We take racism for granted as a seemingly intractable reality. This is more the case than ever with the rise of critical race theory (CRT). Whereas racism was previously understood to be an attribute of individuals–based on certain beliefs they held–in CRT racism works the other way around: it is said to arise out of the intersection of various social practices, which in turn structures individual behaviors to the benefit of some and the harm of others.
In this flip-flop of race theory, responsibility has shifted from the individual to society, and solutions have shifted from human morality and conscious intention (rooted in personal guilt and punishment), to mass social engineering (designed to reconfigure intersections to redistribute equal outcomes, all in the name of social justice). What you think doesn’t matter. It’s who you are socially that counts.
To reconfigure intersections is to rewrite the rules by which most institutions and common social practices function. The cause celebre for early CRT thinkers on reconfiguring intersections was a 1974 supreme court case, Millekan vs. Bradley. The court’s earlier landmark l954 decision in Brown vs. The Board of Education of Topeka, KS, outlawed outright segregation in public schools, but failed to address other factors apart from legally instituted segregation which might result in de facto segregation.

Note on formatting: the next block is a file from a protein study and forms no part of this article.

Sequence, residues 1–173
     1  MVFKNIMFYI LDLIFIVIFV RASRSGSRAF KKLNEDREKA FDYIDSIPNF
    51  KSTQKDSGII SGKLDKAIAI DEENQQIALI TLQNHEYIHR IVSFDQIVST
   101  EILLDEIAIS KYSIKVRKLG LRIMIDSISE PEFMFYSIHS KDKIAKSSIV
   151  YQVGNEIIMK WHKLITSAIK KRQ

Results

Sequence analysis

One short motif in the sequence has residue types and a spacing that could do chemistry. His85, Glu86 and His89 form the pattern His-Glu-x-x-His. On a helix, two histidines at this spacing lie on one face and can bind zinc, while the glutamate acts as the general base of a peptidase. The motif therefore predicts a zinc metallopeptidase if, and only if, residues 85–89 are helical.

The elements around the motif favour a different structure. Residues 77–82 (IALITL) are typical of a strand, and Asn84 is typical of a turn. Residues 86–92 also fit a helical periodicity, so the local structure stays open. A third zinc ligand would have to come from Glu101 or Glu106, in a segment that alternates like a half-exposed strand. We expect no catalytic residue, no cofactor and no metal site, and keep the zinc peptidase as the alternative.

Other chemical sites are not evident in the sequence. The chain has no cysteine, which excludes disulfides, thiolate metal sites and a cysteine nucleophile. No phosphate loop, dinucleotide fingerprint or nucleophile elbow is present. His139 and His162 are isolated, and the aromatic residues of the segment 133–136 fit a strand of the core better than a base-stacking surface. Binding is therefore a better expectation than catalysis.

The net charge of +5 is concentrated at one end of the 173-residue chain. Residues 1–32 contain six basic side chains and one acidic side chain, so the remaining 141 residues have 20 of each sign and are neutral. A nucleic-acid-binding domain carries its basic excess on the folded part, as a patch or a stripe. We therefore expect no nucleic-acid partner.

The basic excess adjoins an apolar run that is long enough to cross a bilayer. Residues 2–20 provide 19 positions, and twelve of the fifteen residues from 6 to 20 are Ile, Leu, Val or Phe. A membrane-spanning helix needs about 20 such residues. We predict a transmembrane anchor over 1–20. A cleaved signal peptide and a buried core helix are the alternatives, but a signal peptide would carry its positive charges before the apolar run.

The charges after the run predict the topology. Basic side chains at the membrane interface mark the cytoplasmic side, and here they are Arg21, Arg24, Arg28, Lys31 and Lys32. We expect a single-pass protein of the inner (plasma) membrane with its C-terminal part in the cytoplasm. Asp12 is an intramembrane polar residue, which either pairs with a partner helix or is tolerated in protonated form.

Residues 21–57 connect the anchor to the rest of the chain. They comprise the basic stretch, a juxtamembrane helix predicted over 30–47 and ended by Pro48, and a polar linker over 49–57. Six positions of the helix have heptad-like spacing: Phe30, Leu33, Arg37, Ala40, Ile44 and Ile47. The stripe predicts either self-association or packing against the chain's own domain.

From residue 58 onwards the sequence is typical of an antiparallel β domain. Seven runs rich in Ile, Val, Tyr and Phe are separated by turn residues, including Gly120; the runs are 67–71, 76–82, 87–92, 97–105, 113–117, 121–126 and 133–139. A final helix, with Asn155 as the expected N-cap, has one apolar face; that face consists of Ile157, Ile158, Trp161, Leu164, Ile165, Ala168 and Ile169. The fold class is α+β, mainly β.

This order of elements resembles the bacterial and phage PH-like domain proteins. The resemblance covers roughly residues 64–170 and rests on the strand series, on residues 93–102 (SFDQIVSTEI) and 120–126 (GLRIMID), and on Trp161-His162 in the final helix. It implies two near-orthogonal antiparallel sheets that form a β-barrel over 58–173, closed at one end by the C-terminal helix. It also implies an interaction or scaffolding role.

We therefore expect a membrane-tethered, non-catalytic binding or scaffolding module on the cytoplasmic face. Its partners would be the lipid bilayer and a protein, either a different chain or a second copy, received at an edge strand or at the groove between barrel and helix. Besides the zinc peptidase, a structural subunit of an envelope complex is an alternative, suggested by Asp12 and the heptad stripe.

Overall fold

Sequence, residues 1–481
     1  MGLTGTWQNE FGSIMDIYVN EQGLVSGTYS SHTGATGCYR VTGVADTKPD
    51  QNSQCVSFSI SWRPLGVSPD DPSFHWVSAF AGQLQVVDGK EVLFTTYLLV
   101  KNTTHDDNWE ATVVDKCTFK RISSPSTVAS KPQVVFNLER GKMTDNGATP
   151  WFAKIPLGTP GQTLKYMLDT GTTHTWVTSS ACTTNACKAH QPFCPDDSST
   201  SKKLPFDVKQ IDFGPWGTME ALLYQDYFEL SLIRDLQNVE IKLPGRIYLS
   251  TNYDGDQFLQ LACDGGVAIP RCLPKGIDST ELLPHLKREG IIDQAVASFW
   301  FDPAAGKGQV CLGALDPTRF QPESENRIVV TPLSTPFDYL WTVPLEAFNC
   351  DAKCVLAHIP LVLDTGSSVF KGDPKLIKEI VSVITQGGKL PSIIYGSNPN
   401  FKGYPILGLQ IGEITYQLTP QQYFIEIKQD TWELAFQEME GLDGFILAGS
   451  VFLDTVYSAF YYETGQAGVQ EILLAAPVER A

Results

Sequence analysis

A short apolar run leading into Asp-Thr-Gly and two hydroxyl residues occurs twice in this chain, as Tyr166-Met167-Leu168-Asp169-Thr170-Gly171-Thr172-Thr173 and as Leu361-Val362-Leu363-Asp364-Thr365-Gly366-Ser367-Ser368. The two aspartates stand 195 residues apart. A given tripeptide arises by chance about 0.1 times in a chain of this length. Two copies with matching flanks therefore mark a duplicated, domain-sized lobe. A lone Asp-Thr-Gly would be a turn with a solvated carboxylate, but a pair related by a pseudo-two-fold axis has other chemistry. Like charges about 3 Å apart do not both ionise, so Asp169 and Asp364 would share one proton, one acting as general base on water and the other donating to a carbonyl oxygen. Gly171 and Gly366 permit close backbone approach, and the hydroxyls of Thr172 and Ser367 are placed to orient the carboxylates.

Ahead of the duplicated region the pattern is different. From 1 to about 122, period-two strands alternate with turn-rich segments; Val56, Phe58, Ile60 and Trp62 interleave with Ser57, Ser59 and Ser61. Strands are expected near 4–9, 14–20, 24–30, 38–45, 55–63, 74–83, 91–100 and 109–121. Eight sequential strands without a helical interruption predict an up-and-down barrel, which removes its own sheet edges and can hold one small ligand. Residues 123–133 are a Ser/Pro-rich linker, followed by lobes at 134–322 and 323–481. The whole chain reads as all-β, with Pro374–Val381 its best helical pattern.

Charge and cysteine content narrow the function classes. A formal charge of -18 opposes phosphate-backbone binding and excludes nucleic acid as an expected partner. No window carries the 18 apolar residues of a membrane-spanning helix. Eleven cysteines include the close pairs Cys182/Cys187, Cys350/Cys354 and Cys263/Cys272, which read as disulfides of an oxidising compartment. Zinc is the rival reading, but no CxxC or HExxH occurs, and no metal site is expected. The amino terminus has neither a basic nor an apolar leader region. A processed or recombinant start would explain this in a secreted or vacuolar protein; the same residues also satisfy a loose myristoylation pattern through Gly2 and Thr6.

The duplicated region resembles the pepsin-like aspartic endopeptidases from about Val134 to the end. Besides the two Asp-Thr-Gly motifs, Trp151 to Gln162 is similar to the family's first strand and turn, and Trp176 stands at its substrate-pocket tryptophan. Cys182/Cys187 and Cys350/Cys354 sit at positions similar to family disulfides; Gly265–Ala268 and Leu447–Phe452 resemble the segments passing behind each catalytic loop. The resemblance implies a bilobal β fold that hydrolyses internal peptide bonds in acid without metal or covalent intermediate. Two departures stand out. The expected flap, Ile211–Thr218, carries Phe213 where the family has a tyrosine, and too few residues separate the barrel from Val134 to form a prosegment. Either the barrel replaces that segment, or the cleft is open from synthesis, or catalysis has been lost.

The issue came to a head in the Millekan case. The NAACP argued that Detroit public schools remained highly segregated in spite of the Brown ruling. White flight from the city to neighboring suburban municipalities, leaving blacks behind, was said to be reinforced by redlining and other indirectly exclusionary policies. The plaintiffs asked for relief by the state of Michigan (under Governor Millekan) by imposing desegregation across urban and suburban school district lines.